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Reproducibility Initiative to Increase the Value of Biomedical Research

By Bio-IT World Staff 

August 17, 2012 | Science Exchange, the open-access publisher Public Library of Science (PLOS), and open data repository figshare, have announced the launch of the Reproducibility Initiative – a new program to help scientists, institutions and funding agencies validate their critical research findings.

Science Exchange CEO and co-founder, Elizabeth Iorns, said: “In the last year, problems in reproducing academic research have drawn a lot of public attention, particularly in the context of translating research into medical advances. Recent studies indicate that up to 70% of research from academic labs cannot be reproduced, representing an enormous waste of money and effort.”

Iorns syas that in her research experience, the problem lays primarily in the lack of incentives and opportunities for validation. “The Reproducibility Initiative directly tackles these missing pieces,” she said.

The Reproducibility Initiative provides both a mechanism for scientists to independently replicate their findings and a reward for doing so. Scientists who apply to have their studies replicated will be matched with experimental service providers based on the necessary expertise.

The Initiative leverages Science Exchange’s existing marketplace for scientific services, which contains a network of more than 1,000 expert providers at core facilities and contract research organizations (CROs).

“Core facilities and commercial scientific service providers are the solution to this problem,” said Iorns. “They are experts at specific experimental techniques, and operate outside the current academic incentive structure.”

Scientists will receive the results of their validation studies and have the opportunity to publish them in the open-access journal PLOS ONE as part of a special collection highlighting the importance of reproducibility in scientific research. They can also upload their primary data to the open-access repository, figshare. Replications published in PLOS ONE will link back to the original publications upon which they are based. The Nature Publishing Group and Rockefeller University Press are among the publishers that have expressed their support for this acknowledgement of reproducibility.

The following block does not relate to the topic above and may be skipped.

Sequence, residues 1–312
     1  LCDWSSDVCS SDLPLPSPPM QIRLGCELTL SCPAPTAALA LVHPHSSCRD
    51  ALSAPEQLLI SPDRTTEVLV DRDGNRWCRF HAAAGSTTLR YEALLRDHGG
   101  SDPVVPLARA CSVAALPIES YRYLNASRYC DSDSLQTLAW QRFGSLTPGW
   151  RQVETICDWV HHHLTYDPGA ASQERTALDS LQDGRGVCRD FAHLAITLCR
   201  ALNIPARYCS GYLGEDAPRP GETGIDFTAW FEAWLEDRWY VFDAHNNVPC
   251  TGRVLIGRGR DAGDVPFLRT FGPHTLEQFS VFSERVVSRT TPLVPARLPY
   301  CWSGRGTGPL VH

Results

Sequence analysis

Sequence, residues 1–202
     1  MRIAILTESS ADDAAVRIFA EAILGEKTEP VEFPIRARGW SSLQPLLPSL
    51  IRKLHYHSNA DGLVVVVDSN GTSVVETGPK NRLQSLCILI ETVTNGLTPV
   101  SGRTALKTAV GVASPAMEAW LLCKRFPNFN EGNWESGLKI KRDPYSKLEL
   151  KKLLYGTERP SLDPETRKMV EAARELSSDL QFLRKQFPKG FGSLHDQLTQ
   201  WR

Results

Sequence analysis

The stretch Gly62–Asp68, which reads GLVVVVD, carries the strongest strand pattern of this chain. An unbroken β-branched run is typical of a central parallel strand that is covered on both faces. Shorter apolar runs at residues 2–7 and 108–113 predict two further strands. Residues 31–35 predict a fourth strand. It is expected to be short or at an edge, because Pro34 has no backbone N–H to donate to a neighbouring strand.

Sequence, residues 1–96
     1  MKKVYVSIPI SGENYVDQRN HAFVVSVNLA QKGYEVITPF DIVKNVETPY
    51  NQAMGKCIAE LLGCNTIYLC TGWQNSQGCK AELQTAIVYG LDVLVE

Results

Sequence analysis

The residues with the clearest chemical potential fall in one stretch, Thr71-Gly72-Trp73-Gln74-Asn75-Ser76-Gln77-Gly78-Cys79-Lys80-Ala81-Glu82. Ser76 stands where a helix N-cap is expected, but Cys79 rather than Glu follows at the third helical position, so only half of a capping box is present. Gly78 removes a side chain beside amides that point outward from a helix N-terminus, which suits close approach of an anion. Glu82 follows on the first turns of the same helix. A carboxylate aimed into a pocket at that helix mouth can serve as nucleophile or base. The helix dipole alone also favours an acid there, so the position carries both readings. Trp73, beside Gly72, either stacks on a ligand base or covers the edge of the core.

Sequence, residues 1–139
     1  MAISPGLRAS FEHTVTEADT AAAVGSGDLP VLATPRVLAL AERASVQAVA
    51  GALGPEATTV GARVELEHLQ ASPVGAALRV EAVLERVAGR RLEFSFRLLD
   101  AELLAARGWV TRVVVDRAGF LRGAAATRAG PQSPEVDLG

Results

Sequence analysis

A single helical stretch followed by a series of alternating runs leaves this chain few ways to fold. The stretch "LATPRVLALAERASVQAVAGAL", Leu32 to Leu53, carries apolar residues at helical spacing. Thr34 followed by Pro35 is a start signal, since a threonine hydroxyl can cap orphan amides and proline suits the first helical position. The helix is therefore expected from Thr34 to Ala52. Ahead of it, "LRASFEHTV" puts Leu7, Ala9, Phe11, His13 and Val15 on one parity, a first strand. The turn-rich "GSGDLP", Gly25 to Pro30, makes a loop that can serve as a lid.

The Reproducibility Initiative will potentially provide a mechanism for industry to identify robust drug targets for developing effective new therapies. “Improving the robustness of published data on early targets would have a significant impact on the efficiency of the drug development process,” said Christopher Haskell, head of the US Science Hub at Bayer HealthCare. “The Reproducibility Initiative seeks to address this challenge.”

“It is critically important to independently validate preclinical data before moving to the clinic,” said Lee Ellis (MD Anderson), who co-authored a widely read article in Nature earlier this year on the need to improve the reliability of preclinical cancer studies, and is an advisor to the Reproducibility Initiative.

Stanford University’s John Ioannidis, who published a study in PLOS Medicine titled “Why Most Published Research Findings Are False,” also offered his support for the initiative, calling it “a very important pilot effort, offering valuable insights on how reproducibility checks can work in real life.”

The Reproducibility Initiative is initially accepting 40-50 studies for validation. Studies will be selected on the basis of potential clinical impact and the scope of the experiments required and, in aggregate, may eventually serve as a proof-of-concept for this mechanism of validation to funding agencies and patient groups.

Josh Sommer, Executive Director of the Chordoma Foundation, agreed with the potential promise of the Initiative, noting: “As a patient group ourselves, we can't afford to fund anything but research that is reproducible and robust enough to be developed into new therapies.”

Reproducible science incentives could build a foundation for robust translational research and improved therapies. "As awareness of irreproducibility grows, we wanted to provide a way for top quality researchers to distinguish themselves. This is truly a great opportunity for scientists with potentially groundbreaking results to garner direct validation of their work, and to lead the charge for reproducible science," said Iorns.

Scientists can submit their study for validation at: 

Core facilities or CROs can join Science Exchange at: 



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